How did Gideon end up? If you read on in Judges, you’ll find that Gideon had seventy sons with Israelite wives, and then one son, Abimelech, with a Canaanite woman from Shechem. In a story of Shakespearean tragedy, Abimelech slaughters his seventy brothers in order to become king of Shechem (and hopefully all Israel), but is then betrayed by the leaders of Shechem. It all ends terribly, with Abimelech burning the leaders alive in a tower they took refuge in, and Abimelech himself dying after his skill was crushed by a millstone dropped from the tower by a woman. Oh, and to add the final, tragic touch, it was his armor-bearer who killed him, at his request, so that he would not be killed by a woman.
That’s what happens when your alignment gets really bad!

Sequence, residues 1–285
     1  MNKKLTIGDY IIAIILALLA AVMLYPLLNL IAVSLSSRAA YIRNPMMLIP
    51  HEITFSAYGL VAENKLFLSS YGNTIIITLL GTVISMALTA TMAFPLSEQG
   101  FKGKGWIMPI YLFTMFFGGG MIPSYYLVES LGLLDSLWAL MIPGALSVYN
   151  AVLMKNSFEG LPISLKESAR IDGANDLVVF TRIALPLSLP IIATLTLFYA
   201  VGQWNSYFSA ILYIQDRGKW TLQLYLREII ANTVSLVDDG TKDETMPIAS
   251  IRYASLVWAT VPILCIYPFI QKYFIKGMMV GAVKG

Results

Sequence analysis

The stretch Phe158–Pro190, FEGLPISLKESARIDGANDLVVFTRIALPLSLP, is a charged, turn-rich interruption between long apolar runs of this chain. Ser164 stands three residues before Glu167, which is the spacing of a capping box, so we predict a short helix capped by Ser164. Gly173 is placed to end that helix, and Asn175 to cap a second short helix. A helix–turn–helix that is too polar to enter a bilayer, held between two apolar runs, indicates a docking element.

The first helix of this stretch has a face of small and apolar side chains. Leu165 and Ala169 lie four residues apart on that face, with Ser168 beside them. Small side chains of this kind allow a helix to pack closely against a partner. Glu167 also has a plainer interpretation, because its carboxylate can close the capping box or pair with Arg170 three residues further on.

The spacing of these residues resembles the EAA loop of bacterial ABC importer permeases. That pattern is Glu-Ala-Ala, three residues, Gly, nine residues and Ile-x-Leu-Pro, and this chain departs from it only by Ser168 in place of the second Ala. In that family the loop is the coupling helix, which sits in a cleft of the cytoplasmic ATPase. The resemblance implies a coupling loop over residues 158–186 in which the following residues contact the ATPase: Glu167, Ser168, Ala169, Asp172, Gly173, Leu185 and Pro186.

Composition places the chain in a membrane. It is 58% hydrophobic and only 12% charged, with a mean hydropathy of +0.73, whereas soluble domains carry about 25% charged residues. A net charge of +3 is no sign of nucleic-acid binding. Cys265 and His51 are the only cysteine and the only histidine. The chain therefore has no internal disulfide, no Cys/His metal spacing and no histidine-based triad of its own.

So, let’s keep booking in for service, eh?
Let’s pray,
Lord, we know that you a pure, and that you’ve given us new hearts through our Lord Jesus. Please refresh our hearts and continue to purify us and align us with your loving purposes. We yearn for the peace and joy that your love brings, and yet we are often torn by the temptations of the world. Protect us from temptation, lead us away from evil, guide us in your ways and bring us home to you.
In Jesus name we pray,